Precarious Democracy

From In These Times:

A political agenda for the precarious class.

BY Joel Bleifuss
December 17, 2013

In our January 2014 issue, In These Times explores how life has become increasingly precarious for the many Americans who lack job security—a trend that is the predictable result of the ongoing disempowerment of the American worker.

But it is not only the corporate system that is impoverishing our citizens. Millions of Americans face a precarious financial future, thanks to the democratic institutions that are meant to represent them.

Seniors who rely on Social Security are beset by D.C. budget-cutters bent on reducing cost-of-living increases. The poor go hungry in the wake of congressional cuts to food stamps. Retirees in the public sector face uncertain futures as state and local governments turn away from their pension obligations.

As college costs rise, recent graduates, temping for dollars, struggle to pay record-setting student loans.

The list could go on and on.

It’s not that the United States, one of the richest countries on earth, lacks the resources to remedy the situation. The problem is how our nation’s immense wealth is distributed—or, more accurately, how it is maldistributed to the very few. The figures are stark: In 2010, the richest 1 percent of Americans owned 35 percent of the nation’s privately held wealth, and the next 19 percent owned 54 percent. The remaining 80 percent of Americans held only 11 percent of the wealth.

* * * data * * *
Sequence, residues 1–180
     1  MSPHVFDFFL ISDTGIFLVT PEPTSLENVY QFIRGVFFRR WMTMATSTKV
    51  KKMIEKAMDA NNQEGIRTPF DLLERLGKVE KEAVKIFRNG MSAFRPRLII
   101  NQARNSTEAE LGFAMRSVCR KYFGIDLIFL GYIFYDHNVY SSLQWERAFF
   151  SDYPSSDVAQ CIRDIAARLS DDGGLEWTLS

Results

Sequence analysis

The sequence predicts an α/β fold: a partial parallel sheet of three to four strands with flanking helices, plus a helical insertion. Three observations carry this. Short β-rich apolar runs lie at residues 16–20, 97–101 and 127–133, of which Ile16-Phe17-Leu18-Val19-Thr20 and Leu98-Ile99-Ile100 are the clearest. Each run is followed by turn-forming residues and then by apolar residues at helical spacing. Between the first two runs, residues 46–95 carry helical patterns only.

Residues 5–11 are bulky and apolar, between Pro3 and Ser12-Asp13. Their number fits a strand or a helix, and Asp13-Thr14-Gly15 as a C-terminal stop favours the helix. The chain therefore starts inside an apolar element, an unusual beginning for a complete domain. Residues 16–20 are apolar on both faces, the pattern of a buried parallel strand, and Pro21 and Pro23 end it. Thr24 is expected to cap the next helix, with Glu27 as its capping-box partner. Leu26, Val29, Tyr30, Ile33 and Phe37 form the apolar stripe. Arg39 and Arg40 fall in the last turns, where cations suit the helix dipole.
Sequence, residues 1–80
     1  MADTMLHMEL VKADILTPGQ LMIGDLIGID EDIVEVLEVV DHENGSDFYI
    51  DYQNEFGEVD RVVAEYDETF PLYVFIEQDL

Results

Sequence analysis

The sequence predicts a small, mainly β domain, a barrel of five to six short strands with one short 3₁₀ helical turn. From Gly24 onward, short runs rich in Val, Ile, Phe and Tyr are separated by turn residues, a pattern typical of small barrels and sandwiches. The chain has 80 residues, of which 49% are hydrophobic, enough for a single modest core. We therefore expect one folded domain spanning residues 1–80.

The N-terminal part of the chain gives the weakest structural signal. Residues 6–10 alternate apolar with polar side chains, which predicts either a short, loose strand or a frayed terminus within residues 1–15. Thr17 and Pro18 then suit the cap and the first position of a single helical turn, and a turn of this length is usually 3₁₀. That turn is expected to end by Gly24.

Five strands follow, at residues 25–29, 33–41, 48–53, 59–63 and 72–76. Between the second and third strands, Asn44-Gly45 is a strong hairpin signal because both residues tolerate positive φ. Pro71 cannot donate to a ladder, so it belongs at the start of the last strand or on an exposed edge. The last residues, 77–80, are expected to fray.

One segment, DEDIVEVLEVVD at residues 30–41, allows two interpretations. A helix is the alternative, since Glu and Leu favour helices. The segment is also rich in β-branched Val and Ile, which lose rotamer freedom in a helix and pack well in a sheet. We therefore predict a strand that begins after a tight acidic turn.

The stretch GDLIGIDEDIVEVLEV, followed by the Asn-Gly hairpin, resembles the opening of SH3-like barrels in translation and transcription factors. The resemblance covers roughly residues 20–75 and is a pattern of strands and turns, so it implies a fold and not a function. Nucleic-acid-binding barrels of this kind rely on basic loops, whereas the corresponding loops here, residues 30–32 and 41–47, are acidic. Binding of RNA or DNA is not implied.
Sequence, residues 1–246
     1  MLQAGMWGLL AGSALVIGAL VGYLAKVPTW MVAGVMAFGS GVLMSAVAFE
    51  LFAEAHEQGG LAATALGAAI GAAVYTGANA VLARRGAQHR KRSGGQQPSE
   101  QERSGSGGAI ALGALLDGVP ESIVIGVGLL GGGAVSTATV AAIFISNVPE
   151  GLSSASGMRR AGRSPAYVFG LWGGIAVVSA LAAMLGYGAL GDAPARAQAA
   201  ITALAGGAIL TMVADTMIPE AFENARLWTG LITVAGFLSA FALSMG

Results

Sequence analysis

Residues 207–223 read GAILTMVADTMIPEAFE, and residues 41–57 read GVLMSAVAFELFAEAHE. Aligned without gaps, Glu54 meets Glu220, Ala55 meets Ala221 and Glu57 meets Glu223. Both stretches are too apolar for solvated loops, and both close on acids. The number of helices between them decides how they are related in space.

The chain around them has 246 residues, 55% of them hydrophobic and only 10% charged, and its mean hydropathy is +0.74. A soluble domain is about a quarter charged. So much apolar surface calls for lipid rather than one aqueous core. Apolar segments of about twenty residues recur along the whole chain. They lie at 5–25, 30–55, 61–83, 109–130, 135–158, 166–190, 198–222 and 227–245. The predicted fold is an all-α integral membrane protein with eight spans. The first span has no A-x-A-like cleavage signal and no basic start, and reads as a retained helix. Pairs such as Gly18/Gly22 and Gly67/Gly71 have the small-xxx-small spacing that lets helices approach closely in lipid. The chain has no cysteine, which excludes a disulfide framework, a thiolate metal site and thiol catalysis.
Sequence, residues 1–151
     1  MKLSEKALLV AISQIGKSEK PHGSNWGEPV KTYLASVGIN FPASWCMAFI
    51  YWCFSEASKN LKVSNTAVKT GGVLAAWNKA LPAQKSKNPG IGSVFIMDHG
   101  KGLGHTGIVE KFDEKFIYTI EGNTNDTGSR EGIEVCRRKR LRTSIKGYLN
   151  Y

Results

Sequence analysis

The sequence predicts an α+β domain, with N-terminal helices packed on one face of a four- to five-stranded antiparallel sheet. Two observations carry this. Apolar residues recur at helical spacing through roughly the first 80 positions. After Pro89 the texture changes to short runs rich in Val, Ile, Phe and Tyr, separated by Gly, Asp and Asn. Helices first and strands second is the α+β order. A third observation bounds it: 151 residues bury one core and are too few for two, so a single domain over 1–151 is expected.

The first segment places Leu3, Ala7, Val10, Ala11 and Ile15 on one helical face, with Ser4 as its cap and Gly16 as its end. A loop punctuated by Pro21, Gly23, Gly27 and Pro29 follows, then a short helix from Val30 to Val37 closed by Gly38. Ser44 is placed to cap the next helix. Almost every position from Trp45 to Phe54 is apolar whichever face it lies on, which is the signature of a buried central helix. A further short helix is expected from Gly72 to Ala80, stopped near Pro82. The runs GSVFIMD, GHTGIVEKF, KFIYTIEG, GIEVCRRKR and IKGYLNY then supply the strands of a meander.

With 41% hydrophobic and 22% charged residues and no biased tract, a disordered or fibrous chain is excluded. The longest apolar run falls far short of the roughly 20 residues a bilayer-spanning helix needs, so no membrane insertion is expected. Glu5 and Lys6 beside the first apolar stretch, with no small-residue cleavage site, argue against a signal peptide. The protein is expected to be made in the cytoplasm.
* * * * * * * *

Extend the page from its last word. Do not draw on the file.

In a speech on Dec. 4, 2013, President Obama decried “an economy that’s become profoundly unequal” with the end result being that “a family in the top 1 percent has a net worth 288 times higher than the typical family.”

There are remedies. National and state laws mandating more progressive taxation could transfer some of the wealth held by the top 1 percent into public coffers, where it could be allocated to alleviate the precarious existence of Americans.

Will that happen? Fat chance.

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